Nearly 30 miles from Hollywood, Brynton Lemar followed the same script he used in the Big West Conference basketball semifinals to put UC Davis into the NCAA Tournament for the first time.
Lemar scored nine of his game-high 20 points in the final 3:56 to lead the second-seeded Aggies to a 50-47 victory over top-seeded UC Irvine in the Big West championship Saturday night in front of 5,085 at Honda Center.
UC Davis (22-12) won its first postseason tournament since joining Division I for the 2004-05 season.
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Lemar duplicated his heroics from Friday, when he scored nine of his game-high 23 points during overtime of the Aggies’ 66-64 win over third-seeded Cal State Fullerton. But the senior guard displayed his most dramatic moment against Irvine (21-14) with about 13 seconds to play.
Irvine’s Ioannis Dimakopoulos made a layup to narrow the Aggies’ lead to 46-44 with 39.9 seconds remaining. Then after breaking a token full-court press, Lemar dribbled at the point for about 20 seconds while holding a conversation with the player guarding him – Irvine’s Luke Nelson, the Big West’s player of the year.
“I told him, ‘I worked too hard for this. I was not going to let this slip out,’ ” Lemar said. “He said, ‘All right, let’s see it.’ I took it as a challenge, and I love challenges.”
Lemar then accelerated, received a screen from J.T. Adenrele and drove the lane for a layup. The Anteaters’ Brandon Smith smacked the ball against the backboard on its downward flight and was called for goaltending, extending UC Davis’ lead to 48-44 with 13.1 seconds to go.
“I’m not going to back down to nobody,” Lemar said. “I don’t care who you are.”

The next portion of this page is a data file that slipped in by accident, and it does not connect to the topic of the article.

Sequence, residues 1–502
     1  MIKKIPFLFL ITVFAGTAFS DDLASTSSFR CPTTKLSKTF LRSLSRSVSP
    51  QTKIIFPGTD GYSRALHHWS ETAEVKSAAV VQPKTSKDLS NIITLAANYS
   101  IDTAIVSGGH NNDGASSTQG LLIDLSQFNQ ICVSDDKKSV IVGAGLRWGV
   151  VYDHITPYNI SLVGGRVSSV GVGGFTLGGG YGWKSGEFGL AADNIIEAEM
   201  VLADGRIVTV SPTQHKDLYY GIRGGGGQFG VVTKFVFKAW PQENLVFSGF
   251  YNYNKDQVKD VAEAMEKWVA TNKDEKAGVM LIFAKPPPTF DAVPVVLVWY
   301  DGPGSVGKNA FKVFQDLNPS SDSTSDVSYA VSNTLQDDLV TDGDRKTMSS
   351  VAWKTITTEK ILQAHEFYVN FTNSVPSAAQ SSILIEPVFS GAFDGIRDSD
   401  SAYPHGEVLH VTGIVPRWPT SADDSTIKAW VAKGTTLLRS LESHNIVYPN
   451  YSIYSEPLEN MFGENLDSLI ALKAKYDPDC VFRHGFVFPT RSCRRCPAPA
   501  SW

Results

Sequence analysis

That basket culminated the Aggies’ surge from a 42-42 tie in the final 2:44, a spurt aided by turnovers. A traveling violation against Smith led to Lemar’s driving layup with 2:12 left.
Nelson followed by missing a 3-pointer. Chima Moneke grabbed the rebound, got fouled by Tommy Rutherford and made both free throws to extend the lead to four points with 1:30 left.
The Anteaters ruined their next possession when Spencer Rivers committed an offensive foul 20 seconds later.
But Nelson replied to Lemar’s dramatic score by making a 3-pointer with 7.3 seconds left that narrowed the deficit to 48-47. However, Lemar’s two free throws with 5.8 seconds enabled UC Davis to make history.
Before Lemar’s late performance, neither team took firm control until the end.
The Aggies exploited the Anteaters’ early tendency toward self-sabotage. Irvine committed five turnovers in the first five minutes, did not score until 6:17 expired and missed 13 of 14 field-goal attempts in the middle of the first half.
As a result, UC Davis built a 7-0 advantage after six minutes and held a 24-16 halftime lead. In the second half, Irvine became a different team.
The Anteaters intensified their defense and rebounding. The Aggies responded by missing nine of their first 10 shots and seeing Irvine move ahead 29-28 with 13:29 to go. Both teams exchanged the lead on the next four possessions before a 6-0 spurt put Irvine ahead 40-35.
Yet during that final 5:55, the Anteaters scored just seven points.
“Before the tournament started – and we’ve been talking about this since the league started – we said that the best defensive team is going to walk away with the biggest prize,” UC Davis coach Jim Les said. “These guys for these three games were dominant on the defensive end.
“We weren’t always pretty offensively, but our defense won us this championship.”
Moneke finished with nine points, seven rebounds and three blocks, and was named the tournament’s Most Valuable Player to join Lemar on the all-tournament team.
In the women’s final, second-seeded Long Beach State earned the NCAA berth by beating fourth-seeded UC Santa Barbara, 56-55.